Editor’s Note: RCR Wireless News goes all in for “Throwback Thursdays,” tapping into our archives to resuscitate the top headlines from the past. Fire up the time machine, put on those sepia-tinted shades, set the date for #TBT and enjoy the memories!
Google hits half a million new devices per day
The days of Apple and Google’s tit-for-tat device activation race has long since passed with Google emerging the clear victor. The search giant’s Android operating system pulled ahead, somewhat inevitably, due to the broad range of devices available and, some would argue, its increasing quality compared the ageing iOS interface. At I/O 2011, Google’s annual developer conference in San Francisco back in May, Google proudly announced they were activating 400,000 Android devices per day. According to a tweet by Andy Rubin, Google’s SVP of Mobile and Android mastermind, as of this morning the company are now activating a staggering half a million devices (both handsets and tablets) every single day. Not only that, but the activation rate is growing by 4.4% week-on-week. This means, via some back-of-a-napkin calculations, that if Android can sustain its 4.4% growth rate, Rubin and his team should be activating one million devices per day by mid-October, and activating two million devices per day by the end of January 2012. Of course if Android growth continues to accelerate – which it shows every sign of doing – these milestones could come even sooner. … Read more
Google pages get a billion visitors in a month
Google may not be the media darling it once was, having lost mindshare to social upstarts such as Facebook and Twitter in recent years, but when it comes to raw traffic the search giant is still top of the pile. Research firm ComScore estimates that last month Google’s family of web properties notched up one billion unique visitors – the first time an individual company has managed such traffic levels. In second place was Microsoft with 905 million, and Facebook was in third with 714 million – up an impressive 30% since last year. Facebook’s numbers are particularly impressive given that all their visitors are on just Facebook.com, whereas Google’s audience are spread out over their many products and services (YouTube, GMail, Google News, Search, Maps etc.). Microsoft is in a similar situation, seeing their visitors split over Hotmail (which remains the biggest webmail service), Bing, which has seen heavy promotion in the US, as well as many other web properties. … Read more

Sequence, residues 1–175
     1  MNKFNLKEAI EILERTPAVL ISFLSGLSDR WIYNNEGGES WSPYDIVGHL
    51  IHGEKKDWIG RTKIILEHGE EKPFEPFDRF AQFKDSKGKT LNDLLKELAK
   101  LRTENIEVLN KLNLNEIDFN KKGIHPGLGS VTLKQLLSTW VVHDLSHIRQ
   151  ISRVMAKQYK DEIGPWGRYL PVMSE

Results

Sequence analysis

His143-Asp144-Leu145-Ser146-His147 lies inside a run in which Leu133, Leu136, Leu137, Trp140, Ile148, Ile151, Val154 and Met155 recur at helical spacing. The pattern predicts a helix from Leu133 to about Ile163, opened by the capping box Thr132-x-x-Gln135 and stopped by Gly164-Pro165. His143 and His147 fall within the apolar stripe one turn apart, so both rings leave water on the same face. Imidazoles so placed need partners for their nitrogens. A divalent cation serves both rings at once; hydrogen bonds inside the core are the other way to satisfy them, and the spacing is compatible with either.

Carriers seek to cope with video traffic
Video generates anywhere from 40% to 60% of mobile data traffic on wireless networks today, according to a fresh mobile analytics report from Bytemobile Inc. Considering that, it’s no wonder mobile videos are stalling between 5% and 40% of the time depending on network conditions and the time of day. “That is a large amount of data to deal with. If it didn’t exist, operators probably wouldn’t have any problems with their network,” Anna Yong, mobile analytics manager at Bytemobile, told RCR Wireless News. The amount of video traffic that flows on any given network is generally a function of the network and the devices, Yong said. “When the experience is poor customers aren’t going to do it,” she added. While most carriers have been reticent to change or manipulate content to achieve a better experience for their customers, there has been a shift and more operators are pursuing video optimization on their network. “Operators are looking for more creative ways and more in-depth ways to figure out what’s going on in their network,” she said. “The problem is getting better and they have to do something about it.” … Read more
Network sharing an option among smaller US carriers?